Other studies have yielded very similar results regarding the pathogenesis of colorectal cancer. Specifically, in vivo and in vitro data point to the beneficial effects of microbes in the families Lachnospiraceae, Ruminococcaceae, Prevotellaceae, and Lactobacillaceae, whereas families such as Enterobacteriaceae have been associated with an increased risk of colorectal cancer (7,28-31). Decreased relative abundance of butyrate-producing microbes from the families Ruminococcaceae and Lachnospiraceae and species such as Roseburia, Blautia and others, suggests a potential recurrence risk (32,33). In our study, the gut microbiota of TRF-regimen groups was highly consistent with the previous publications’ findings, giving us the confidence to announce the potential benefits of cancer prevention.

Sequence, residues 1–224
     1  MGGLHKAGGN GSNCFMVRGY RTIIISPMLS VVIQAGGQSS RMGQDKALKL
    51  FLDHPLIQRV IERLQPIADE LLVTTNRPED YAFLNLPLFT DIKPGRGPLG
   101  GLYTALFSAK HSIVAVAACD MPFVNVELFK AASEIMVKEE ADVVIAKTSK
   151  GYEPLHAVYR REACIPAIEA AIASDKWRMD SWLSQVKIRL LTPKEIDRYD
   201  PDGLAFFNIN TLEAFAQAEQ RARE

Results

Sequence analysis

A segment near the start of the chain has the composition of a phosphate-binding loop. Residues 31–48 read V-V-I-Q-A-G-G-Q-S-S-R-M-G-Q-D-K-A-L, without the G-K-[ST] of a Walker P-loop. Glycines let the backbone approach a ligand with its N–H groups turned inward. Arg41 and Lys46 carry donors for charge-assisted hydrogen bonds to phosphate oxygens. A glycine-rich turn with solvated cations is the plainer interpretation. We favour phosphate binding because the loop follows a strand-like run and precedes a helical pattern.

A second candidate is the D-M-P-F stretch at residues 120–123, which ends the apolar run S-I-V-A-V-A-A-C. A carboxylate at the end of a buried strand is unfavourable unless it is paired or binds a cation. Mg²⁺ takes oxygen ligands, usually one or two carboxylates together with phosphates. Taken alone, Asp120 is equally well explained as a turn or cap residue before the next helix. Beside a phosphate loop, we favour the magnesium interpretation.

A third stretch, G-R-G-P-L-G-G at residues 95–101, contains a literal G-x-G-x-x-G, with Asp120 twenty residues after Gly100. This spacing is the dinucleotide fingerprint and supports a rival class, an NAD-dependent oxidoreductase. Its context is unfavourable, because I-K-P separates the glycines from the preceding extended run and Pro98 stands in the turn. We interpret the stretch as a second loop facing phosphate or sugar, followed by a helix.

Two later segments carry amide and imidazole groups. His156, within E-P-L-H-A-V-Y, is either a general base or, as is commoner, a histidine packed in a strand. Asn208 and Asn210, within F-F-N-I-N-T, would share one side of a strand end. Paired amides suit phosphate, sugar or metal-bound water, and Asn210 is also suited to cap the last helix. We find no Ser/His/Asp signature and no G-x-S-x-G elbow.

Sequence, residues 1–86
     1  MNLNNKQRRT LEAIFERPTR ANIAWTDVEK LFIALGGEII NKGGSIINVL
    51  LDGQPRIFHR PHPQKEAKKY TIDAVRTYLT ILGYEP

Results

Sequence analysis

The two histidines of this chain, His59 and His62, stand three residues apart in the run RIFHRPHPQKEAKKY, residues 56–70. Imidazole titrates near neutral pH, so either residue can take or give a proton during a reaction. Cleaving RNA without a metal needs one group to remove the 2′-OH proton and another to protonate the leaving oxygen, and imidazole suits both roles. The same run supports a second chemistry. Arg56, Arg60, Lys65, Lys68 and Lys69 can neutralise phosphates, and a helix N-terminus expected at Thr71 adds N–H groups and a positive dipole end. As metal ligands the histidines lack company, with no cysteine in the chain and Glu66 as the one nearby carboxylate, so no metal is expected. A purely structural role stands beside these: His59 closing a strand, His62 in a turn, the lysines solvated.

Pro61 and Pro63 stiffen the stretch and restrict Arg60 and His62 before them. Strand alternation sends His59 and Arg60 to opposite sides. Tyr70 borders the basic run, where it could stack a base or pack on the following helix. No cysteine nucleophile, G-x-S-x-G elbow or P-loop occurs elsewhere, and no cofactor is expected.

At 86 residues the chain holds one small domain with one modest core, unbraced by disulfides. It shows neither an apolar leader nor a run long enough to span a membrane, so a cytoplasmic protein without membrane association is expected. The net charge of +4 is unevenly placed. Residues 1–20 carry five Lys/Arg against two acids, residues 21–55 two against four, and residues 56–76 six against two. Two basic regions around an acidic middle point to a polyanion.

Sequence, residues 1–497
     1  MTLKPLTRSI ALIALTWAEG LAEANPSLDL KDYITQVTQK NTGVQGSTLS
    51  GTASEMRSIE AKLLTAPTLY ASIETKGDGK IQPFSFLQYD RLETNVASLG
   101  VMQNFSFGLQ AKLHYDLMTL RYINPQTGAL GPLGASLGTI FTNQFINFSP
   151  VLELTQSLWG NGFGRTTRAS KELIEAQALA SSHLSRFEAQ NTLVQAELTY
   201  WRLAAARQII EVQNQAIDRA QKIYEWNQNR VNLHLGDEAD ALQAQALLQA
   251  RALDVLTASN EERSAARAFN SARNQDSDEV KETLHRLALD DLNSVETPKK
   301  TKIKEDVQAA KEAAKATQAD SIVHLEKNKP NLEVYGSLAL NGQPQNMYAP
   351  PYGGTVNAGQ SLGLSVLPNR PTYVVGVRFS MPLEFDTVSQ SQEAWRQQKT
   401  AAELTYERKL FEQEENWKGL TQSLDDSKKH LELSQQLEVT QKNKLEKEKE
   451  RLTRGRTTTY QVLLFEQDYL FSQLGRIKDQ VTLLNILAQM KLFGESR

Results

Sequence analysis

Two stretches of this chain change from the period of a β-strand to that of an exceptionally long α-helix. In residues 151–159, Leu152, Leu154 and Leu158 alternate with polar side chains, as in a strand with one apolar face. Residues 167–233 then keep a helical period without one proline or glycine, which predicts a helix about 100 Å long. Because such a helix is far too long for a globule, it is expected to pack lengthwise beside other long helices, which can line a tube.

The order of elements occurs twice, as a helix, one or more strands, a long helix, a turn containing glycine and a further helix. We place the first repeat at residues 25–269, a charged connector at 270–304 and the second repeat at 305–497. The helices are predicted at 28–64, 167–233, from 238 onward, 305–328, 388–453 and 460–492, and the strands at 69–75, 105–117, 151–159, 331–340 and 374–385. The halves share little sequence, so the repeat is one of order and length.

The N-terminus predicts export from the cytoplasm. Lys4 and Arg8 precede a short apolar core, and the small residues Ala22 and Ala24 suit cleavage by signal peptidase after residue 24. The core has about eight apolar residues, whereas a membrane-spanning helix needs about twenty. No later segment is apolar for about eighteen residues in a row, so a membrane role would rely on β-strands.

TRF protects the gut from disruption of the micro ecosystem through multiple biochemistry pathways. Disruption of the mucosal barrier by various endogenous and environmental agents exposes the host immune system to the resident microbiota, leading to proliferation of pathogen-specific and commensal-specific T cells (34). These cells migrate, react with the commensal microbiota and thus tip the balance from physiologic to pathologic inflammation. Butyrate, which is frequently mentioned in gut microbiome studies, has been shown to protect the bowel from colitis and CRC by lowering the oxidative damage to DNA, by triggering the occurrence of apoptosis of cells that are already damaged, by suppressing the growth of cancerous cells, and by decreasing the activity of co-carcinogenic enzyme (35). Moreover, in vitro studies have demonstrated that butyrate modulates the expression of the heat shock protein (HSP) 70, and caspase, which have important functions in apoptosis and inflammation (36,37). Other possible mechanisms modulated by butyrate are the modifying of pH and the adjustment of production for short-chain fatty acids (SCFAs) which are the primary energy source for colonic epithelial cells (especially acetate, propionate and butyrate) (38,39). SCFAs have recently been reported to induce the expansion of colonic Treg cells (40). Hence, generally speaking, butyrate-producing bacterial groups are important health-promoting factors. Overall, protective interventions, including TRF, decrease the propensity for oxidative stress, secretion of toxins, and virulence-related functions (41), which indicates a shift towards an inflammation-suppression microbiome (42).